First-Past-the-Post turns Canadians off politics

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socialdemocrati...

nakedApe42 wrote:

socialdemocraticmiddle wrote:

And electoral reform would almost certainly be a precondition for such a coalition, with the "senior partner" having more sway over the form that policy would take. Whether we'd see the Liberals cooperate with the NDP is another story, but post-election cooperation is an option that few people talk about.

Post-election cooperation is the reason I write the blog Democratic Voting Canada. Yes if the Liberals form a minority government the NDP should cooperate and back their proposal for PV ranked ballot (as a stopgap measure.) If the NDP forms a minority government, the Liberals should back the NDP on their PR initiative.

The problem I worry about, is that the Liberals tend to back FPP. So if they form the government, and the NDP demands a citizens's assembly and eventual PR/FPP referendum, Trudeau might very will give them one. With his eye on a 2017 fake majority, he'll put forward another designed-to-fail referendum. Then electoral reform is toast in Canada. (PR lost by over 60% in BC, ON and PEI with designed-to-fail referendums put forward by Liberal governments.)

Then we should stop repeating the myth that we would need a referendum to get there.

Pass a law. And if the next government -- elected under PR -- doesn't like it, let's see them try and repeal it without retaliation from the voters.

janfromthebruce

socialdemocraticmiddle wrote:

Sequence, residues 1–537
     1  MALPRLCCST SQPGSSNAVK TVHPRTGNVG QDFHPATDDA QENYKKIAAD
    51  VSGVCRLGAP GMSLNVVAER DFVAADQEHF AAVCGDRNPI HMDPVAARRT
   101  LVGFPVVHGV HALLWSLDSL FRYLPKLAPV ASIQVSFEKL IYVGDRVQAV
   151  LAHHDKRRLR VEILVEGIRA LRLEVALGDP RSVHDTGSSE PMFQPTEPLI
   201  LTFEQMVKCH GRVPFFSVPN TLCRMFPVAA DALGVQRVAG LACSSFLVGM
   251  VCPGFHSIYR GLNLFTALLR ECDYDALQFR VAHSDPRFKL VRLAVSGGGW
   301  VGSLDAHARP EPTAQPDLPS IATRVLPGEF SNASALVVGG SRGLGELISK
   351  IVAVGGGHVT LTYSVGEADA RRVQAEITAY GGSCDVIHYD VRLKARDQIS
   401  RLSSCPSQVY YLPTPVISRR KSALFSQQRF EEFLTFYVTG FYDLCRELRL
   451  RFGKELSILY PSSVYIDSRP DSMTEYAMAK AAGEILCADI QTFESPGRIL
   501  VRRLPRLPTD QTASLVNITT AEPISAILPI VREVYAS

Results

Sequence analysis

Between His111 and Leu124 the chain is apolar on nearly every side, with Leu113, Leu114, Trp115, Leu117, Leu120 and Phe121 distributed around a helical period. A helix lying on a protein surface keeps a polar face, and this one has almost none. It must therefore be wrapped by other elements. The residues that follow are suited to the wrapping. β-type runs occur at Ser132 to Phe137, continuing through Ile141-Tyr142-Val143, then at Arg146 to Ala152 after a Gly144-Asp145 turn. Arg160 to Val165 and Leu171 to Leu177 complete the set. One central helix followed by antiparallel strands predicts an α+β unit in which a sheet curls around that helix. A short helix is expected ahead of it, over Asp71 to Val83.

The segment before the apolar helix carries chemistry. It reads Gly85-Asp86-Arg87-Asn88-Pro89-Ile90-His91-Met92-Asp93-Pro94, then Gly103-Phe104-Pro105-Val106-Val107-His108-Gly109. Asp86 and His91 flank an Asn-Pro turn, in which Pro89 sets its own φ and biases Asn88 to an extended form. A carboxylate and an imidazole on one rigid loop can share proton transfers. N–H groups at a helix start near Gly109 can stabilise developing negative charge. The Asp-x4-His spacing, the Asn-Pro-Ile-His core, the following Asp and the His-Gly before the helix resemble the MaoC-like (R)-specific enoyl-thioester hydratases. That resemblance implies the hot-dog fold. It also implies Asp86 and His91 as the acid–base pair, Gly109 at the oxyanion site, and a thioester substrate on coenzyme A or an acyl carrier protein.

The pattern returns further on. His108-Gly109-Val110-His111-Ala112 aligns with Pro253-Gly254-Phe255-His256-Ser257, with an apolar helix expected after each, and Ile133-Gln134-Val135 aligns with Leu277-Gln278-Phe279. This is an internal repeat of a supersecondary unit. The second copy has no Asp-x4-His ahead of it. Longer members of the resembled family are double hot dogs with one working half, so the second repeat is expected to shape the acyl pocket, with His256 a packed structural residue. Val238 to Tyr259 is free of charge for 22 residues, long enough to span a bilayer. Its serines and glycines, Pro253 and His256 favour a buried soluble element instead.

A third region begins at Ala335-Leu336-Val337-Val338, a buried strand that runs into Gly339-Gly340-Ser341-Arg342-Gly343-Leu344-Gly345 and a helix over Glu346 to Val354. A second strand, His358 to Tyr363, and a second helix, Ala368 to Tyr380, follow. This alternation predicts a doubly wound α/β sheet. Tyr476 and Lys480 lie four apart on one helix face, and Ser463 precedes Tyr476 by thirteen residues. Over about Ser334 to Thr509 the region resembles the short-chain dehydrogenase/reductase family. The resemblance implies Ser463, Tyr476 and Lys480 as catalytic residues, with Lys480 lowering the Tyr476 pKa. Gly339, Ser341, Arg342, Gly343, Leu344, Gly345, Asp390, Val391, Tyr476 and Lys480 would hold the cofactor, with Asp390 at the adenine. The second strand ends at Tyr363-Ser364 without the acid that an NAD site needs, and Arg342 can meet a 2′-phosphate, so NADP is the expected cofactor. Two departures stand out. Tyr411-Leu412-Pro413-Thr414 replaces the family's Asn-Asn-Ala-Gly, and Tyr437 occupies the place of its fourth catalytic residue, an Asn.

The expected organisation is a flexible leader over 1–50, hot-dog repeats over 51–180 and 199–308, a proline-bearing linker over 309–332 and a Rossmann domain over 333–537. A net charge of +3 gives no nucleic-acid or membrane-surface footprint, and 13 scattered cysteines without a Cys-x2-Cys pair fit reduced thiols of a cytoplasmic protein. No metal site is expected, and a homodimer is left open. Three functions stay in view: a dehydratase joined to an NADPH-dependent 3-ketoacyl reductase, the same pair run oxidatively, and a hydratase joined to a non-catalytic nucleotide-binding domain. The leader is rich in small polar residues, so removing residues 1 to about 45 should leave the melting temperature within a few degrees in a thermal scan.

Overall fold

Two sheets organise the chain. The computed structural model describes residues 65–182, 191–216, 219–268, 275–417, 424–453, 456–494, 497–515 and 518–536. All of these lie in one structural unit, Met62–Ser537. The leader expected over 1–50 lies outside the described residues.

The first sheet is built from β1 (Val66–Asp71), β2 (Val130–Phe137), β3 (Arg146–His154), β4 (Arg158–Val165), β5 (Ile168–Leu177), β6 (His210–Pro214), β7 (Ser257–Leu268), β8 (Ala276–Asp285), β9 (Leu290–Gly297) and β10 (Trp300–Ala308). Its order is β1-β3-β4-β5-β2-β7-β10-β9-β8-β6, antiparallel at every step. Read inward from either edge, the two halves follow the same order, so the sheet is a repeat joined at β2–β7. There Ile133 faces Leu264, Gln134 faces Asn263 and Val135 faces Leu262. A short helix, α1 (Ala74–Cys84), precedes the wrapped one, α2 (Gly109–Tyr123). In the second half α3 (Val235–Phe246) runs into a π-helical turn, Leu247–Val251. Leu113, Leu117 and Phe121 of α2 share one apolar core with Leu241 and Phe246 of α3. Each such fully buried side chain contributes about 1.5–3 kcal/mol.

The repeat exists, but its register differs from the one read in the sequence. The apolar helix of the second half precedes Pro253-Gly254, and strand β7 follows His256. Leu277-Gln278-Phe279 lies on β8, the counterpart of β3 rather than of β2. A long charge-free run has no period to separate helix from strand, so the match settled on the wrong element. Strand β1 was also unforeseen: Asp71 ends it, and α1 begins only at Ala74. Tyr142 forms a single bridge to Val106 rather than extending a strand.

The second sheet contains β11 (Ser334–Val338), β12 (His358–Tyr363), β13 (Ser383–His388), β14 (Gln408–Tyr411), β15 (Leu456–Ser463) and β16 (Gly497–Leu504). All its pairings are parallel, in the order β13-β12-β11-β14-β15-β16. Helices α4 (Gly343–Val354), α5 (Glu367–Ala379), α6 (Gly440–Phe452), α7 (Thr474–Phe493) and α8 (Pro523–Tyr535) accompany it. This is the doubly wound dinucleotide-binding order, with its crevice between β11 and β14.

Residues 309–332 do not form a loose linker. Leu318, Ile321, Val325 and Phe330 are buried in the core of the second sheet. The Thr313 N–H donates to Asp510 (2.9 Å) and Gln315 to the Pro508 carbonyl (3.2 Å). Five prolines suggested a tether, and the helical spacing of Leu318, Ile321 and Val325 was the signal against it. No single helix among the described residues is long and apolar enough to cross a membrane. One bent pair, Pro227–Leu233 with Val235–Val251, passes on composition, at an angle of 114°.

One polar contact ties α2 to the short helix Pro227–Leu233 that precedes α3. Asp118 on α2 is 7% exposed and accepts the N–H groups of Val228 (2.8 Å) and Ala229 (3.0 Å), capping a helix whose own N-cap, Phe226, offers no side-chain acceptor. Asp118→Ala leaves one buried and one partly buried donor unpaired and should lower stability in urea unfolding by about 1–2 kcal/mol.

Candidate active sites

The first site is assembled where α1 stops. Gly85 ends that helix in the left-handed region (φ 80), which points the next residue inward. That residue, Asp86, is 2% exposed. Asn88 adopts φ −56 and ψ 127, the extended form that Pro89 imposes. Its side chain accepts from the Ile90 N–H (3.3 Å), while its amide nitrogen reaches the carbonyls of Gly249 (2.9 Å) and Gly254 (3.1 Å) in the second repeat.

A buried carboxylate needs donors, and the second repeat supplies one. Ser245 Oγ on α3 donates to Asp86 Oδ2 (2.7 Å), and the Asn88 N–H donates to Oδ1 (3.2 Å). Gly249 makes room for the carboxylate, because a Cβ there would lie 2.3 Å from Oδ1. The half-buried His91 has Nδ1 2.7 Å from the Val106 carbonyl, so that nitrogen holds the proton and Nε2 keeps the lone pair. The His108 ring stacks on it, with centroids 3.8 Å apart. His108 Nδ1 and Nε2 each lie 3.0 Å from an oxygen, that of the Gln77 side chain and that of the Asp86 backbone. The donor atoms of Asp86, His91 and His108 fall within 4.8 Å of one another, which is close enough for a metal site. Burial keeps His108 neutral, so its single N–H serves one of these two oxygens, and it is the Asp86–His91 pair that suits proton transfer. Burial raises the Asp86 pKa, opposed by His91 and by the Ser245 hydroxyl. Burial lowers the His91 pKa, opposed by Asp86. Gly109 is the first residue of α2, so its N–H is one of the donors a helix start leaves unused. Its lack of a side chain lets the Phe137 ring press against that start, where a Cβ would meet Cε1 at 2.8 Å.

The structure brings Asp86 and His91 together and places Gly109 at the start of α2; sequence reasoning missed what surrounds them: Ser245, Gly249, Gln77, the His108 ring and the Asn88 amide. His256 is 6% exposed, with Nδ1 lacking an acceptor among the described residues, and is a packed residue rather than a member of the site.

nakedApe42 wrote:

socialdemocraticmiddle wrote:

And electoral reform would almost certainly be a precondition for such a coalition, with the "senior partner" having more sway over the form that policy would take. Whether we'd see the Liberals cooperate with the NDP is another story, but post-election cooperation is an option that few people talk about.

Post-election cooperation is the reason I write the blog Democratic Voting Canada. Yes if the Liberals form a minority government the NDP should cooperate and back their proposal for PV ranked ballot (as a stopgap measure.) If the NDP forms a minority government, the Liberals should back the NDP on their PR initiative.

The problem I worry about, is that the Liberals tend to back FPP. So if they form the government, and the NDP demands a citizens's assembly and eventual PR/FPP referendum, Trudeau might very will give them one. With his eye on a 2017 fake majority, he'll put forward another designed-to-fail referendum. Then electoral reform is toast in Canada. (PR lost by over 60% in BC, ON and PEI with designed-to-fail referendums put forward by Liberal governments.)

Then we should stop repeating the myth that we would need a referendum to get there.

Pass a law. And if the next government -- elected under PR -- doesn't like it, let's see them try and repeal it without retaliation from the voters.

I'm with SDM on this one: if you win a majority govt and a party ran on a central plank like PP, one has an obligation to put it in place. Same thing, if you didn't run on something major you shouldn't be inacting.

So take the liberals in 1993, they ran on getting rid of the GST, and aberrgating the NAFTA deal. They had an obligation to do that and they didn't. In the end, they tricked the public into voting for them. Ditto for national childcare.

CanadaOrangeCat

Alberta should quit whining about equalization payments while their oil companies are hosing us all at the pumps every day. Maybe a threat of a new National Energy Policy would be two steps forward and one step back towards national unity, especially with increased west - to - east oil transportation facilities as proposed.

nakedApe42 nakedApe42's picture

Aristotleded24 wrote:

nakedApe42 wrote: